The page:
Summer hunger driven away by Lakota’s mobile lunches

It’s a school bus that drives away summer-time hunger for some Lakota students.

This day saw the specially modified bus carrying meals make its regular stop at the Countryside Village mobile home community in Liberty Twp., and hundreds of children enjoyed a free, nutritional lunch.

For the second consecutive year Lakota is experimenting with a mobile summer lunch program, which there has expanded to using two buses that carry hot lunches, sandwiches, fruit and vegetables to needy families during summer break.

ExploreMORE: Lakota continues mobile summer food program

Lakota was among the first in the region to try the summer mobile lunch program — funded by the U.S. Department of Agriculture — and as Countryside parent Beth Ann Dabbelt watches her daughter munch on her lunch, her appreciation is clear.

Lakota provided more than 15,000 lunches last summer.

“There are lots of people in this community who are low income and they need the service,” said Dabbelt. “It’s very important to have this here and we are very graciously lucky.”

ExploreMORE: School cafeteria inspections reveal flaws, historic trend

Lakota’s two food buses make eight stops each week day at designated locations in the poorer neighborhoods of Liberty and West Chester townships that comprise the Butler County school system.

Almost 20 percent of Lakota’s 16,500 students come from families whose annual incomes are low enough to qualify their children for free and reduced breakfast and lunch meals during the school year.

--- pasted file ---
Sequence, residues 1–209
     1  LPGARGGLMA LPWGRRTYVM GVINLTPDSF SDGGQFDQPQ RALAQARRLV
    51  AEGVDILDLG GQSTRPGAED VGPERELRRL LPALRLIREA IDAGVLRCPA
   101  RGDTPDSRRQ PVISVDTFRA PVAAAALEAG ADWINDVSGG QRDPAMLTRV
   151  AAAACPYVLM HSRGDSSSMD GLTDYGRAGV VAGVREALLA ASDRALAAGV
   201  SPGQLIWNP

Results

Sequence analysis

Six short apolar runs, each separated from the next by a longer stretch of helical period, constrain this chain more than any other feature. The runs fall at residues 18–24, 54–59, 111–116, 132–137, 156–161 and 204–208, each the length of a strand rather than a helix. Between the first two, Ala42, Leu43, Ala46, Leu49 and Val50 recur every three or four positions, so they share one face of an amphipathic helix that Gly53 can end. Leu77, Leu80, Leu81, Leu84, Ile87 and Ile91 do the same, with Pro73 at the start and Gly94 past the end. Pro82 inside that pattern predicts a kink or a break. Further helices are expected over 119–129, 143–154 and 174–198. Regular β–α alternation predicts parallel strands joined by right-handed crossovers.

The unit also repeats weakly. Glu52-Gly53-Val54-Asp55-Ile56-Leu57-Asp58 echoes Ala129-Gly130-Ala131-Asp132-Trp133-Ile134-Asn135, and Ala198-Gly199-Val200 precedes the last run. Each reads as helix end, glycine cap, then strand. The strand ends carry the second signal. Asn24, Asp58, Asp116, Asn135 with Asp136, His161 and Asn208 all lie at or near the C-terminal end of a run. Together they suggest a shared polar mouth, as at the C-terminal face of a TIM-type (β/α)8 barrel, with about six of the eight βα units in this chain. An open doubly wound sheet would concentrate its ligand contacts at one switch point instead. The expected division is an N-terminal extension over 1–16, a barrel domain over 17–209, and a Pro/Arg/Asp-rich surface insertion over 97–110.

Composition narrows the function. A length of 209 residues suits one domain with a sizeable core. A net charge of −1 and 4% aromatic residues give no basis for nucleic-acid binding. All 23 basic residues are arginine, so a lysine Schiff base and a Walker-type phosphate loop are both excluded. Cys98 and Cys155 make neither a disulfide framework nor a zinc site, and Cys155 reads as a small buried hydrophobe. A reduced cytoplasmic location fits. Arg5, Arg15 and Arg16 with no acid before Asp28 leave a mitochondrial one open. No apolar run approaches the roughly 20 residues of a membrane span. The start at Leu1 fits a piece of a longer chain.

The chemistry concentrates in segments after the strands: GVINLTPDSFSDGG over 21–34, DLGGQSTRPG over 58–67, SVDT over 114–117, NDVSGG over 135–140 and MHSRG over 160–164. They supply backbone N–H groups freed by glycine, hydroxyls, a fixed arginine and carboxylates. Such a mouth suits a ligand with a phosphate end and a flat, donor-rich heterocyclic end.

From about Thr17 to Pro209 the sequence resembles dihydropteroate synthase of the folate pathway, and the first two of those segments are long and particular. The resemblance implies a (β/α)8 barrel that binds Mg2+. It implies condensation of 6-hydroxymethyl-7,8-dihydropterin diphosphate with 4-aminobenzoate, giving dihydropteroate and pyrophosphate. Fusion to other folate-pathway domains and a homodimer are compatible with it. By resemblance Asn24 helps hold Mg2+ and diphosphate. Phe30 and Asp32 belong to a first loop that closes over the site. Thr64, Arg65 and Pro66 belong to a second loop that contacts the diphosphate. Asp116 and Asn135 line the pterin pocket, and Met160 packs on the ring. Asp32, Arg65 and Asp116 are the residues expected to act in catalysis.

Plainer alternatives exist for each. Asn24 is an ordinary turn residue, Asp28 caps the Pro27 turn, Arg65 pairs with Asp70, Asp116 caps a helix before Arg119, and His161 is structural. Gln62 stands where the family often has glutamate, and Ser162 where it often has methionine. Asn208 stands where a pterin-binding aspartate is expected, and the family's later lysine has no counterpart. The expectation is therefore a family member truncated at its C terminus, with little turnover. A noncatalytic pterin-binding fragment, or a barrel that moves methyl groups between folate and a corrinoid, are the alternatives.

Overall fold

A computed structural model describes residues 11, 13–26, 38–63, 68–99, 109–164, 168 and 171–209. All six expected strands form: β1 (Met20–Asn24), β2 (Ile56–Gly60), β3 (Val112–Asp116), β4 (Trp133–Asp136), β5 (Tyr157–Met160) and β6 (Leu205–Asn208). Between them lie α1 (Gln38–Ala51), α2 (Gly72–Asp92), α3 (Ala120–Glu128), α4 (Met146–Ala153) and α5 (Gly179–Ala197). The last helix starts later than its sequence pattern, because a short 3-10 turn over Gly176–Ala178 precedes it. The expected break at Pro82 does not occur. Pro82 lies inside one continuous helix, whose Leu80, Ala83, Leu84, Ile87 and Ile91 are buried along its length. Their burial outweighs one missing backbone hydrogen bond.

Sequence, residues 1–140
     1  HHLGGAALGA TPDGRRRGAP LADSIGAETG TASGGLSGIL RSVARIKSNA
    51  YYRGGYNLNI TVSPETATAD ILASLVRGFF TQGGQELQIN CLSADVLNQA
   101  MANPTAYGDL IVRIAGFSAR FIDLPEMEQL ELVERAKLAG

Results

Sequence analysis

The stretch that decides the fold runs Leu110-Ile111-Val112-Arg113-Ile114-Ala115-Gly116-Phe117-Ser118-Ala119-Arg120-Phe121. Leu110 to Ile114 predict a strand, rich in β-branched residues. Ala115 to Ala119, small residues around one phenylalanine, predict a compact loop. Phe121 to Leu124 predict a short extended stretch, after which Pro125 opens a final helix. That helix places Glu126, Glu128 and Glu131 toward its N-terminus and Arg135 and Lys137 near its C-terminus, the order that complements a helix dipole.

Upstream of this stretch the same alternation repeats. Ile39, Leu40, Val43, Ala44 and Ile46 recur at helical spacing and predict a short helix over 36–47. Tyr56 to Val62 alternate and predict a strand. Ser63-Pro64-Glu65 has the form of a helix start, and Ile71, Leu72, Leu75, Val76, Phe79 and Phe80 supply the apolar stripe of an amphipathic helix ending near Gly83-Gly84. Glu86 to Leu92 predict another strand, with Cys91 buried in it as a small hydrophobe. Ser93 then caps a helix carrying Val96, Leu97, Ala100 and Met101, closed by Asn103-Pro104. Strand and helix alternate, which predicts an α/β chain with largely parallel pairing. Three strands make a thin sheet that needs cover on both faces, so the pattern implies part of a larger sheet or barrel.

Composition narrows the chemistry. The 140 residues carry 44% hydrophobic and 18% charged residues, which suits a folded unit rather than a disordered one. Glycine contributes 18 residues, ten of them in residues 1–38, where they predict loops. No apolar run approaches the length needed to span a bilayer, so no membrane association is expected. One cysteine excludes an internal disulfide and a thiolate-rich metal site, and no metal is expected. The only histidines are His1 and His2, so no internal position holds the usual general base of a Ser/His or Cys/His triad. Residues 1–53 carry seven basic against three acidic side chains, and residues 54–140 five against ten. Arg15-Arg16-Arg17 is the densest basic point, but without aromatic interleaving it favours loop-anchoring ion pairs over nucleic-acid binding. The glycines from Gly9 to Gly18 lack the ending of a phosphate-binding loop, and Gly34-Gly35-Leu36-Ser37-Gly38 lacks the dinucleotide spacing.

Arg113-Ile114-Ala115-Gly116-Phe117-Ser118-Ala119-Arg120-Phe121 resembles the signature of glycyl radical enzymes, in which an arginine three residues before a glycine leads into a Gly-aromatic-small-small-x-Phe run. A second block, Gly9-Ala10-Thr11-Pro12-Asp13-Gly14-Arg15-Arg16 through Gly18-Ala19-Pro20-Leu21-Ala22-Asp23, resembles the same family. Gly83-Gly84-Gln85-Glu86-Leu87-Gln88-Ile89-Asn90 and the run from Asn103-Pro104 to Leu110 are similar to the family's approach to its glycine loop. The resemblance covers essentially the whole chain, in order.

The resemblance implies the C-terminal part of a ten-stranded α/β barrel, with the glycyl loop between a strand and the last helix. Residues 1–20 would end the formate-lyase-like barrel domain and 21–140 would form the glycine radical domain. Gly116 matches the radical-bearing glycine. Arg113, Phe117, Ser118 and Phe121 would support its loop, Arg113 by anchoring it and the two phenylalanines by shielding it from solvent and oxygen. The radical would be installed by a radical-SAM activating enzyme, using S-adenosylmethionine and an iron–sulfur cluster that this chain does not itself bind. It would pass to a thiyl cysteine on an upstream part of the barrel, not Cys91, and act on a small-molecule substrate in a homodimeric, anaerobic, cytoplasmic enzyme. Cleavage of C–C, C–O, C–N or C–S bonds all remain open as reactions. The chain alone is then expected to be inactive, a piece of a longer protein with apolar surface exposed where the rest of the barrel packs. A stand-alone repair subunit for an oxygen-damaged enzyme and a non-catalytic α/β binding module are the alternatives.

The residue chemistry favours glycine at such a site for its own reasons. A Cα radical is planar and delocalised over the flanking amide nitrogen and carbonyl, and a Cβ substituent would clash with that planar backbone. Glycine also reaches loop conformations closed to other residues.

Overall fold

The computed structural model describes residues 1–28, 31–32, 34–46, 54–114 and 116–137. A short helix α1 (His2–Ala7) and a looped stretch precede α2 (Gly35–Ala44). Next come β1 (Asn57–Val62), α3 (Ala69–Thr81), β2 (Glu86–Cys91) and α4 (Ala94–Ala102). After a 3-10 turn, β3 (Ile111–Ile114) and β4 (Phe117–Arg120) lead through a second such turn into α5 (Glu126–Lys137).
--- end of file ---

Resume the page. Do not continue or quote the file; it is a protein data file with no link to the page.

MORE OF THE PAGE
Lakota’s Acting Superintendent Robb Vogelmann said the program is essential to the wider school community.

“We know that there are areas within our district where youth are doing without convenient, nutritious meals during the summer break. In fact, about 20 percent of all Lakota students are eligible for and benefit from free and reduced lunches during the school year. That’s more than 3,300 students who we know are at risk of not getting adequate food over the summer - and that’s why we’re proud to be part of this program,” said Vogelmann.

ExploreMORE: Businesses to participate in food fight for a cause

“The buses allow us to take the summer food program into the neighborhoods, reaching kids who might otherwise not have been able to participate due to lack of transportation. This isn’t a luxury program, as we know that the meals offered are for some of these kids the most robust meal that get that day,” he said.

For more eligibility requirements and details on the eight Lakota community lunch sites and times, call 513-644-1163.

ExploreEDUCATION NEWS: Michael D. Clark’s Facebook page includes the latest in local, national education trends

About the Author